|Mission type||Planetary science|
|Mission duration||Cruise phase: 7.6 years|
Science phase: 3.5 years
|Manufacturer||Airbus Defence and Space|
|Launch mass||4,800 kilograms (10,600 lb)|
|Dry mass||1,900 kilograms (4,200 lb)|
|Power||820 watts from a Solar array ~100 square metres (1,100 sq ft)|
|Start of mission|
|Launch date||June 9, 2022 (launch window: May 21 to June 17 2022)|
|Launch site||Centre Spatial Guyanais, ELA-3|
|Flyby of Earth|
|Closest approach||May 2023|
|Distance||12,700 kilometres (7,900 mi)|
|Flyby of Venus|
|Closest approach||October 2023|
|Distance||9,500 kilometres (5,900 mi)|
|Flyby of Earth|
|Closest approach||September 2024|
|Distance||1,950 kilometres (1,210 mi)|
|Flyby of Mars|
|Closest approach||February 2025|
|Distance||1,100 kilometres (680 mi)|
|Flyby of Earth|
|Closest approach||November 2026|
|Distance||3,700 kilometres (2,300 mi)|
|Orbital insertion||October 2029 (planned)|
|Orbital departure||September 2032|
|Orbital insertion||September 2032 (planned)|
JUICE mission insignia
The Jupiter Icy Moons Explorer (JUICE) is an interplanetary spacecraft in development by the European Space Agency (ESA) with Airbus Defence and Space as the main contractor. The mission will study three of Jupiter's Galilean moons: Ganymede, Callisto, and Europa (excluding the more volcanically active Io) all of which are thought to have significant bodies of liquid water beneath their surfaces, making them potentially habitable environments.
The spacecraft is set for launch in June 2022 and will reach Jupiter in October 2029 after five gravity assists and 88 months of travel. By September 2032, the spacecraft will enter orbit around Ganymede for its close up science mission, becoming the first spacecraft to orbit a moon other than the moon of Earth. The selection of this mission for the L1 launch slot of ESA's Cosmic Vision science programme was announced on 2 May 2012. Its period of operations will overlap with NASA's Europa Clipper mission, launching in 2024.
The mission started as a reformulation of the Jupiter Ganymede Orbiter proposal, which was to be ESA's component of the cancelled Europa Jupiter System Mission – Laplace (EJSM-Laplace). It became a candidate for the first L-class mission (L1) of the ESA Cosmic Vision Programme, and its selection was announced on 2 May 2012.
In April 2012, JUICE was recommended over the proposed ATHENA X-ray telescope and a gravitational wave observatory (New Gravitational wave Observatory (NGO)). In July 2015, Airbus Defence and Space was selected as the prime contractor to design and build the probe, to be assembled in Toulouse, France.
JUICE will be launched in June 2022 by an Ariane 5 rocket. Following the launch, there is a planned first flyby of Earth in May 2023, Venus in October 2023, second flyby of Earth in September 2024, Mars in February 2025 and a final third flyby of Earth in November 2026, to put the JUICE on a trajectory to Jupiter. The February 2025 Mars flyby coincides with that to be made by Europa Clipper, a complementary NASA spacecraft, thus allowing the two to make back-to-back observations of the same planet.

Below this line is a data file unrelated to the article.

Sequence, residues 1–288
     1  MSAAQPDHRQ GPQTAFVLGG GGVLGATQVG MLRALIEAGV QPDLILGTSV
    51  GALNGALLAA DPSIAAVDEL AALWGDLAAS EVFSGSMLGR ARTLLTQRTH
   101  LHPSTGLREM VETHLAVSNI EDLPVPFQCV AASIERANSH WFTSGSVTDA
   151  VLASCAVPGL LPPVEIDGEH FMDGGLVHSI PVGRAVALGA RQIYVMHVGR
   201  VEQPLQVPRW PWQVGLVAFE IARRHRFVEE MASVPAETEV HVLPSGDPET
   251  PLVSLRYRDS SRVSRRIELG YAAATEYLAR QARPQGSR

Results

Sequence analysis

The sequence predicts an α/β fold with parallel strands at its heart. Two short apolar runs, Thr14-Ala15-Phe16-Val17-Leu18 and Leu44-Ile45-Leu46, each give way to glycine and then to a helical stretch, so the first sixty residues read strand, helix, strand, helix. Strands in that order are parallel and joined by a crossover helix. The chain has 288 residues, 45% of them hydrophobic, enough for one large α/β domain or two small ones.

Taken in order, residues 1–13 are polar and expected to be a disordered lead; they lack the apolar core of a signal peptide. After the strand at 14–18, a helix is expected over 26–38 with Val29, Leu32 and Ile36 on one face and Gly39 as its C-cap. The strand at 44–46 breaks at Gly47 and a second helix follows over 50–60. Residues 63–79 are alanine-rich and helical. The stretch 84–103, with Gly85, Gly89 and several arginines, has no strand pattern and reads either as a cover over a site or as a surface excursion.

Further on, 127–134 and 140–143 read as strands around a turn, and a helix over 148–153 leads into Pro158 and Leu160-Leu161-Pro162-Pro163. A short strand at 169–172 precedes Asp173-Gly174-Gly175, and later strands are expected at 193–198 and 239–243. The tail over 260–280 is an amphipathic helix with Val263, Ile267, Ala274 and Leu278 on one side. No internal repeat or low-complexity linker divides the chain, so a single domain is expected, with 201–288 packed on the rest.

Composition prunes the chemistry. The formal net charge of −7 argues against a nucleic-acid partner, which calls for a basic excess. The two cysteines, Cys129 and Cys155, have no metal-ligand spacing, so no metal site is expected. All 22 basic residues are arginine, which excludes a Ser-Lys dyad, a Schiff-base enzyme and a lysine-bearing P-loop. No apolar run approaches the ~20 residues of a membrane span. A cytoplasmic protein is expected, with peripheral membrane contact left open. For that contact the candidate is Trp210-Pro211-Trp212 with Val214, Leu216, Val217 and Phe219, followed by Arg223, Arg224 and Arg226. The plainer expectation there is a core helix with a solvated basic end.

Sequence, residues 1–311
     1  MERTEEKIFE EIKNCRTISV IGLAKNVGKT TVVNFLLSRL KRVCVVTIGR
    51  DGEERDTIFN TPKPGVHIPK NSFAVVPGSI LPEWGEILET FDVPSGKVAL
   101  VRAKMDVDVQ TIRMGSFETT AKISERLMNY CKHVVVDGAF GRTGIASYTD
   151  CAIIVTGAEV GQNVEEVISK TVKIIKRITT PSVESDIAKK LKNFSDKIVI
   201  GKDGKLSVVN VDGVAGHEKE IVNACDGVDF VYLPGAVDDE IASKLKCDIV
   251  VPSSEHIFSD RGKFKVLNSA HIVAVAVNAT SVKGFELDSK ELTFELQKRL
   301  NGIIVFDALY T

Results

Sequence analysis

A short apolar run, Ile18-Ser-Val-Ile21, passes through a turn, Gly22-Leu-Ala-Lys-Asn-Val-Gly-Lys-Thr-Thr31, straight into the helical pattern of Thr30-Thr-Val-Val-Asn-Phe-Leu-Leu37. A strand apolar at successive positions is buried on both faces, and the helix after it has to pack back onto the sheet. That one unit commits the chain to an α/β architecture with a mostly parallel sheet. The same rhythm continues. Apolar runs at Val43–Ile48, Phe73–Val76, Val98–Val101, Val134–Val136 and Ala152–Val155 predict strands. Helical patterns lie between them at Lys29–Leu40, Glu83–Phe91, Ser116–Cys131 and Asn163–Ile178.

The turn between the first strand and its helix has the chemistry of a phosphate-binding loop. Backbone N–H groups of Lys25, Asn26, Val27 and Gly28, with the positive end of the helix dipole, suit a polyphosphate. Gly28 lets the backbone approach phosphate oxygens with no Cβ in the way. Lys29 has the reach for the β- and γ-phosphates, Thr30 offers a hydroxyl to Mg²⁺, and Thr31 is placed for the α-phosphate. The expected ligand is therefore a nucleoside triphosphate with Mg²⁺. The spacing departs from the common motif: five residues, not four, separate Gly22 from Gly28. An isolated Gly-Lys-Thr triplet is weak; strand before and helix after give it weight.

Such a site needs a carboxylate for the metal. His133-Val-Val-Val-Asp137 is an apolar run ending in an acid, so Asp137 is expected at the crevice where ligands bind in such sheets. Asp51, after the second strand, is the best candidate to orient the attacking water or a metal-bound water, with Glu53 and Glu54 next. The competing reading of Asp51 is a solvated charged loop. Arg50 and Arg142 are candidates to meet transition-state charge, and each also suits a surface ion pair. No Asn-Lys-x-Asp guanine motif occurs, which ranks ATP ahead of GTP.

In October 2029, when it arrives in Jupiter's system, JUICE will first perform a flyby of Ganymede in preparation for orbital insertion ≈7.5 hours later. The first orbit will be elongated, with the first Jupiter closest approach taking place in May 2030. After that, the orbits will be gradually closer to Jupiter, resulting in a circular orbit.
The first Europa flyby will take place in October 2030. JUICE will enter a high inclination orbit to allow exploration of Jupiter's polar regions. JUICE will study Jupiter's magnetosphere. Then, a Callisto flyby in April 2031 will put JUICE on a normal equatorial orbit. Additionally, a transit of Europa and Io will occur on 27 January 2032.
In September 2032, JUICE will enter an elliptical orbit around Ganymede, becoming the first spacecraft to orbit a moon other than Earth's moon. The first orbit will be at a distance of 5,000 kilometres (3,100 mi). In February 2033, JUICE will enter a circular orbit 500 kilometres (310 mi) above the surface of Ganymede. JUICE will study Ganymede's composition and magnetosphere among other things.
When the spacecraft consumes its propellant, JUICE is planned to be deorbited and impact Ganymede in February 2034.
The Jupiter Icy moons Explorer orbiter will perform detailed investigations on Ganymede and evaluate its potential to support life. Investigations of Europa and Callisto will complete a comparative picture of these Galilean moons. The three moons are thought to harbour internal liquid water oceans, and so are central to understanding the habitability of icy worlds.